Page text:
[D]uncan contends that his decision to resign his employment was based on the [allegedly bad legal] advice he received from Klein, and as a result of his resignation, he had to enroll in law school, which caused him to incur substantial costs….
It could be argued that, but for the alleged malpractice, Duncan would not have resigned his job with NGK, decided to enroll in law school, incurred debts to support his family and pay for law school, or suffered a separation from his family while he pursued his studies in New England. Nevertheless, it is highly questionable whether attending law school is a legally cognizable injury, notwithstanding that the rigors of law school are well known and undoubtedly unpleasant to some extent….
The alleged malpractice might well be a cause of Duncan leaving his job with NGK, but it is not the proximate cause of his free choice to remake his life and enter into the practice of law. The “intervening decisions by [Duncan] render [the alleged] negligence [of Klein and the firm] too remote to satisfy the proximate cause requirement for a legal malpractice claim.”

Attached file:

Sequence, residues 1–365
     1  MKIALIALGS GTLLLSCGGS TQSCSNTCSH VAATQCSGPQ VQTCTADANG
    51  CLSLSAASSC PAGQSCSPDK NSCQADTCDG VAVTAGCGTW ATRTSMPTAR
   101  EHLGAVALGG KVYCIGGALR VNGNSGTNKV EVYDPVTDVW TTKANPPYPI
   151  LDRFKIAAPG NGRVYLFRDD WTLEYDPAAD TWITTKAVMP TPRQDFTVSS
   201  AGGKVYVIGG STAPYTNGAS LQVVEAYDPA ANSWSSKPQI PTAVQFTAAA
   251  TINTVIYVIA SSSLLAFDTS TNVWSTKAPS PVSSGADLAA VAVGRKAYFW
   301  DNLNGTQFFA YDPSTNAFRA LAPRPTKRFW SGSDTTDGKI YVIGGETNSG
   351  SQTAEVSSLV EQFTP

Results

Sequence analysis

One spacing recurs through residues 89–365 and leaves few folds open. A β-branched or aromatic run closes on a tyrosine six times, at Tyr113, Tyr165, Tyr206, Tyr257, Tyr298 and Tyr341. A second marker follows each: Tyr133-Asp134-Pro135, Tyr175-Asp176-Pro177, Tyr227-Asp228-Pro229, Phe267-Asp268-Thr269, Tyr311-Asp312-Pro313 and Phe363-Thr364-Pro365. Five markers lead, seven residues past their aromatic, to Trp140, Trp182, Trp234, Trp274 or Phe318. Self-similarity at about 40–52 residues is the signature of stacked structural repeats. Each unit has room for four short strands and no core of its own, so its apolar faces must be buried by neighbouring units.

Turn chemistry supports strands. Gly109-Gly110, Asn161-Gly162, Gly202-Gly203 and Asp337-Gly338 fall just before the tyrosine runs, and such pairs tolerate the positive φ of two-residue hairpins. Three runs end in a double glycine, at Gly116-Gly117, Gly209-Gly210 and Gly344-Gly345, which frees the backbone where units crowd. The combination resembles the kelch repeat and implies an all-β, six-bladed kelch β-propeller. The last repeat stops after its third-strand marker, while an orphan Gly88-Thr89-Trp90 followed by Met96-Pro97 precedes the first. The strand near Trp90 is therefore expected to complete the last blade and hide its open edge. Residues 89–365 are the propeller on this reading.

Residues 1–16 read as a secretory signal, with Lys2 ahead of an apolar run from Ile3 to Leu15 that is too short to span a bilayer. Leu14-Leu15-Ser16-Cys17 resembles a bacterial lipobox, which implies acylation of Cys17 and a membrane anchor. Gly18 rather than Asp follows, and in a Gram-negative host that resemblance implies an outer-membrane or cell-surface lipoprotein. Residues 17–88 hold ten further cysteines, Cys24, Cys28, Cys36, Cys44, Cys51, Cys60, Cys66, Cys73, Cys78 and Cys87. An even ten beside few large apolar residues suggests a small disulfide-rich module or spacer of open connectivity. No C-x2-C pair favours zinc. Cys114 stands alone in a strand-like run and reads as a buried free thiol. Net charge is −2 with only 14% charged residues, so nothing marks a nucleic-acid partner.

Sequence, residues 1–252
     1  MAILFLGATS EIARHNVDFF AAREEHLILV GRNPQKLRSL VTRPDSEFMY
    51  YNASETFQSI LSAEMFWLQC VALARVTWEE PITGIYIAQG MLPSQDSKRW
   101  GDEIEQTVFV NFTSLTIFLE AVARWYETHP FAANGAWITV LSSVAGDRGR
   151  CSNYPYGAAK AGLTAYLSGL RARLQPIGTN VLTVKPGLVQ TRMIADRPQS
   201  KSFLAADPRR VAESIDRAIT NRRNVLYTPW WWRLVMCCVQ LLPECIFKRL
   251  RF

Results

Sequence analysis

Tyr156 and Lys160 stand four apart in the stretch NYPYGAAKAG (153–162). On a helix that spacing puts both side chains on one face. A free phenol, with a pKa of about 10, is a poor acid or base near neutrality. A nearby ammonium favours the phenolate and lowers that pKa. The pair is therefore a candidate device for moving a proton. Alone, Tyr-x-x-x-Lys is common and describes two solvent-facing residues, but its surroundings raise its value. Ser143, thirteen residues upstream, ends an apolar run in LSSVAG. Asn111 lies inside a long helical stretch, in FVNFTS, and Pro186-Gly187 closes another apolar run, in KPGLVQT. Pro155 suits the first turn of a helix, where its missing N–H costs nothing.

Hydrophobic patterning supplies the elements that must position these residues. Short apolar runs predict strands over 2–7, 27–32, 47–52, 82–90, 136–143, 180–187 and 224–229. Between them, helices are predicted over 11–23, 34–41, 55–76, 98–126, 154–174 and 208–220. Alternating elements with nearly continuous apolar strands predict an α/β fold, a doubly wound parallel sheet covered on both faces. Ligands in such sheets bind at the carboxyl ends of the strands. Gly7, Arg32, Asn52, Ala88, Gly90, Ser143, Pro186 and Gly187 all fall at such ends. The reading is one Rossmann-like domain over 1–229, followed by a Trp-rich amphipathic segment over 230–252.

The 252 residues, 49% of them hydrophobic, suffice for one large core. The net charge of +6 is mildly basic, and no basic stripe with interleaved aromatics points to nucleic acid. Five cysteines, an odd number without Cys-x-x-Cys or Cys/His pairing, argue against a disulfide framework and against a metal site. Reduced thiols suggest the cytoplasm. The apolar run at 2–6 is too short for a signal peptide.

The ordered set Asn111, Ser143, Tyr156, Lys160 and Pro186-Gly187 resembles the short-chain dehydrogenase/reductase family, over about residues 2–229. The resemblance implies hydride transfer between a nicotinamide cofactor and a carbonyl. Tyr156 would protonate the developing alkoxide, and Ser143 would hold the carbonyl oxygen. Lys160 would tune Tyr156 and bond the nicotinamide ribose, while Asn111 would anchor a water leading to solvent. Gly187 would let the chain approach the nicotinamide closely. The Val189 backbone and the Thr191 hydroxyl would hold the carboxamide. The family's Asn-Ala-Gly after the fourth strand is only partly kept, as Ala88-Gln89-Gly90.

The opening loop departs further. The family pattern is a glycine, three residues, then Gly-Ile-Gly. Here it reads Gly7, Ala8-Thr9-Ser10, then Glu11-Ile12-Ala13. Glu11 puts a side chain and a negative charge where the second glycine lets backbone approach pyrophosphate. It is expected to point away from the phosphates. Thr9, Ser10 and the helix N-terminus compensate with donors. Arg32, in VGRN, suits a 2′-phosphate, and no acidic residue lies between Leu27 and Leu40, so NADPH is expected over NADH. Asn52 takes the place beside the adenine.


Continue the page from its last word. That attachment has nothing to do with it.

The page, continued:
Emphasis added. The court's memory of law school has clearly faded, as most would agree it is indeed unpleasant at least "to some extent." But pretty much all would agree you can't sue because the defendant allegedly left you no choice but law school, unpleasant as that may be.
Also, it's usually not a good sign if the court's summary of your argument begins with, "it could be argued that…." Because you did argue that. This phrase usually translates to something like, "scientists may one day make contact with an alternate universe in which dinosaurs wear pants and this argument wins, but in this world you lose."
From Duncan v. Klein (Ga. App. Nov. 29, 2011), via The Volokh Conspiracy.